An aspect of the production of speech sounds. Manner can be thought of as comprising a number of components:
- Rank of stricture: the constriction in the vocal tract may be (a) a complete closure (b) a constriction close enough to cause air turbulence (c) a wider approximation which does not cause turbulence when accompanied by moderate rate of airflow. Some writers add a fourth rank, that of resonant, which is an articulation where the constriction is so wide that no friction occurs at any rate of airflow.
- Speed of release of closure: this may be rapid as in a plosive sound or slower as in an affricate sound.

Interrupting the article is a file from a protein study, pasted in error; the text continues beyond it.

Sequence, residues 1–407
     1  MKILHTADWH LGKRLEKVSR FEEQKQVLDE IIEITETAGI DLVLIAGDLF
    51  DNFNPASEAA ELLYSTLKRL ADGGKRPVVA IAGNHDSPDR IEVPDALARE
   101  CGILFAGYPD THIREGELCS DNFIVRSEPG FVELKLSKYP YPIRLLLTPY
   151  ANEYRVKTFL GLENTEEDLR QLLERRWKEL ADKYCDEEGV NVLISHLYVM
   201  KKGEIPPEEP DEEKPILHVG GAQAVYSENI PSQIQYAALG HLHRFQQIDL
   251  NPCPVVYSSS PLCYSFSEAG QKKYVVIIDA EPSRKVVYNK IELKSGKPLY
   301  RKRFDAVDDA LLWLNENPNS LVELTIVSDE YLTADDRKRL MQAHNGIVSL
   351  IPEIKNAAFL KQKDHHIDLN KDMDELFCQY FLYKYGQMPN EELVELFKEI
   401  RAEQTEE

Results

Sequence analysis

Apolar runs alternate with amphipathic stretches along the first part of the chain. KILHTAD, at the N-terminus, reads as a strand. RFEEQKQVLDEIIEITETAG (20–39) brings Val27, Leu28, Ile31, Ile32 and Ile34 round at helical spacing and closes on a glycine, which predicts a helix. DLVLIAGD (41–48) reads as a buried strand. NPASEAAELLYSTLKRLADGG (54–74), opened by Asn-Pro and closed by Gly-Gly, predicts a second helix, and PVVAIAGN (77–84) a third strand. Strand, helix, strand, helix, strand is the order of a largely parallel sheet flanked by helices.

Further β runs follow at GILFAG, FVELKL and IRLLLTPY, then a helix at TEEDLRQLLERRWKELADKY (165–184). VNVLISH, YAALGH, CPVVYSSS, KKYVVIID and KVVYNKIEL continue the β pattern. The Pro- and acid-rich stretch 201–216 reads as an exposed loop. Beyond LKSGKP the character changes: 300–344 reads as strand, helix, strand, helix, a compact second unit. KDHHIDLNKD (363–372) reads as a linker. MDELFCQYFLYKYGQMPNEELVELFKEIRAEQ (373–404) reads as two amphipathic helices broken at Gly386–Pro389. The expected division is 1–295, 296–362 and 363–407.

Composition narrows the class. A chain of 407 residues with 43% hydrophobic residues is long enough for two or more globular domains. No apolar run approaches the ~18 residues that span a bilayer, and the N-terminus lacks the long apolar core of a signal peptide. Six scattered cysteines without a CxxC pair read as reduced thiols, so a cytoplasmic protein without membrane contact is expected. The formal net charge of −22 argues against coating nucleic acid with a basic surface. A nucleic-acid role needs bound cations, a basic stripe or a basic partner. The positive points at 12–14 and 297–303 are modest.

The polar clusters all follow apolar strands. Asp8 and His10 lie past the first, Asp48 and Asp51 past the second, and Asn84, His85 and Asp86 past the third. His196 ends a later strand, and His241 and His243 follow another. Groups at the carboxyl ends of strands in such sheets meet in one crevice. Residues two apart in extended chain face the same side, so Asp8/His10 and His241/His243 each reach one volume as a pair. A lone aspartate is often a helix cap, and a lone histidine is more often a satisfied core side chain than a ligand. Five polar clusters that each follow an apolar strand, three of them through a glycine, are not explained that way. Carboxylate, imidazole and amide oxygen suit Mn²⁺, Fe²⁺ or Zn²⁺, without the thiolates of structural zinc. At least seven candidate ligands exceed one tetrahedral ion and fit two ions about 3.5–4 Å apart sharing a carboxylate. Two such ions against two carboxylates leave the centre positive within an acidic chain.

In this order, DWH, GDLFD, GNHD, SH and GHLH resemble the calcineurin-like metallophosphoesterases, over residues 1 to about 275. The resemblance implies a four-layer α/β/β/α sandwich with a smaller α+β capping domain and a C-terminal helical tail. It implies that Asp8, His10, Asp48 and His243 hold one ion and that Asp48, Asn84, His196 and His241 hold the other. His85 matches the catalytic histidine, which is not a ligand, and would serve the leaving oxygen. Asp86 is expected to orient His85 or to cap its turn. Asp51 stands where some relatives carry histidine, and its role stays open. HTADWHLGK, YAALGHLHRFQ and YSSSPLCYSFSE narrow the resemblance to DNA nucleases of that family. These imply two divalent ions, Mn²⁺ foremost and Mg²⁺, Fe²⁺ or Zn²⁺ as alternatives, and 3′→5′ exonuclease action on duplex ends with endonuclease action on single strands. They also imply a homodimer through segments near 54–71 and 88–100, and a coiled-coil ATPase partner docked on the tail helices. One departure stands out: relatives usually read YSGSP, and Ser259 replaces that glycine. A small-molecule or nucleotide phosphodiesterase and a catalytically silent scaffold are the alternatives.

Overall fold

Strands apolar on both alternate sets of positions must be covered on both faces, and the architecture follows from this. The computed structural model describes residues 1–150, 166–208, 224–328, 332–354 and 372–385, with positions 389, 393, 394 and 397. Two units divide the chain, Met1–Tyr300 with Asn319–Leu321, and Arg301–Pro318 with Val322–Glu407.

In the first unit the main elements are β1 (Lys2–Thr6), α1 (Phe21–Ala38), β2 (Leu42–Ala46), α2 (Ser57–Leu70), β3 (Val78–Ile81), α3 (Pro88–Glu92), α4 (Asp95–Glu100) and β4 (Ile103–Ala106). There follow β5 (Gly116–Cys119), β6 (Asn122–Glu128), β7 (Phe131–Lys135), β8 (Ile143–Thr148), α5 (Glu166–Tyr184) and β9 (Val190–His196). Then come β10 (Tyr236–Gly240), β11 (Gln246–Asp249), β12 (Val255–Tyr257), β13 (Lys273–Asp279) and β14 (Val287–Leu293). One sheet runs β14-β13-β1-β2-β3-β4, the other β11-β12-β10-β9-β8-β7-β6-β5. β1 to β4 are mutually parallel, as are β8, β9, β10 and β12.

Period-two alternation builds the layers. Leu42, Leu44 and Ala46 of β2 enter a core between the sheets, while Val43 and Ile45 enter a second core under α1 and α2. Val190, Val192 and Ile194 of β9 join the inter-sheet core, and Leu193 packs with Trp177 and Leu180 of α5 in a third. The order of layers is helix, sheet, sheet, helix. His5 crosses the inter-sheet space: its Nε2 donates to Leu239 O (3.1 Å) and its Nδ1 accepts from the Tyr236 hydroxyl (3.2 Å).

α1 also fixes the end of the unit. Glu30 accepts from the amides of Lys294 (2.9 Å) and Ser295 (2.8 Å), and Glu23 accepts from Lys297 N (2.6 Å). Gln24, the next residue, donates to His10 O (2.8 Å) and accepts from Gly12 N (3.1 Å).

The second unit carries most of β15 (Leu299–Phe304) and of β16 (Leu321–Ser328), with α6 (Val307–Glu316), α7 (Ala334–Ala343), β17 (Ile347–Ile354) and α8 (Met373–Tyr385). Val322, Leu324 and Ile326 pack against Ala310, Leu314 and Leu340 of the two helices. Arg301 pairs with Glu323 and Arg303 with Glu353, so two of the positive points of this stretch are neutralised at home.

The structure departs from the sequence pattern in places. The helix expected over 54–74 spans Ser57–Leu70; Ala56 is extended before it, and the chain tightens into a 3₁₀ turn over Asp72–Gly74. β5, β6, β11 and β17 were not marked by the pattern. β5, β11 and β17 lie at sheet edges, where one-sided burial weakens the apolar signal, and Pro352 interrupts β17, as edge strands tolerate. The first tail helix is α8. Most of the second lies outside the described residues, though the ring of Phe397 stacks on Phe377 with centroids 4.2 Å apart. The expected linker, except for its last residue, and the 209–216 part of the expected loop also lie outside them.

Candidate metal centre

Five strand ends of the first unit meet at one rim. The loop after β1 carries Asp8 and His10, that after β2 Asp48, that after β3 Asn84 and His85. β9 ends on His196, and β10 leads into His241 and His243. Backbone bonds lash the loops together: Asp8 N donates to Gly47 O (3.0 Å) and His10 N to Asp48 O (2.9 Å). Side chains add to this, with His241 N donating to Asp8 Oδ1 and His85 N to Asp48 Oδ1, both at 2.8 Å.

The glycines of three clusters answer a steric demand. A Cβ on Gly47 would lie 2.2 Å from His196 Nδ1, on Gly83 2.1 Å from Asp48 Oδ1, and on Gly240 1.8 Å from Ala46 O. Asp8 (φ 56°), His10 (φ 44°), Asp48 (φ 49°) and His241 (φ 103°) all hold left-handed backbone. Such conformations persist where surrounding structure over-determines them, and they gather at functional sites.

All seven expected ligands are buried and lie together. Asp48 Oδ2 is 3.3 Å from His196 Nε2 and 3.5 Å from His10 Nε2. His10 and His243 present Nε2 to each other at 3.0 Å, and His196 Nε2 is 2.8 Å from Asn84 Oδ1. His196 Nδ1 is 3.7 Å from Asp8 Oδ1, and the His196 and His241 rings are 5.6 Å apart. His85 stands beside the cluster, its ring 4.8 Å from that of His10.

- Rate of articulation: an articulation overall may be rapid as in a tap or slower as in a plosive.
- Repetition: an articulation may be performed once only as in a plosive or tap, or it may be repeated rapidly as in a trill.
- Soft palate position: the soft palate may be raised resulting in an oral articulation or lowered for a nasal or nasalised articulation.
- Median vs lateral articulation.
Often abbreviated to moa.